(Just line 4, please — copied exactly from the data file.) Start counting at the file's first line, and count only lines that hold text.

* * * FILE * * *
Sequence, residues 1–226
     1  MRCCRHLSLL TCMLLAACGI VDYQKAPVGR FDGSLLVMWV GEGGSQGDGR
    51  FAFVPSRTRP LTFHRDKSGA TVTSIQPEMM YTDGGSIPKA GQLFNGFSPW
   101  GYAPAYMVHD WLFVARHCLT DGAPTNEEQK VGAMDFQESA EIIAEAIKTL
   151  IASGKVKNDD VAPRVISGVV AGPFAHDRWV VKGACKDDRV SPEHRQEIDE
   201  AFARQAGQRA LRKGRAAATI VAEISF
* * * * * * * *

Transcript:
   101  GYAPAYMVHD WLFVARHCLT DGAPTNEEQK VGAMDFQESA EIIAEAIKTL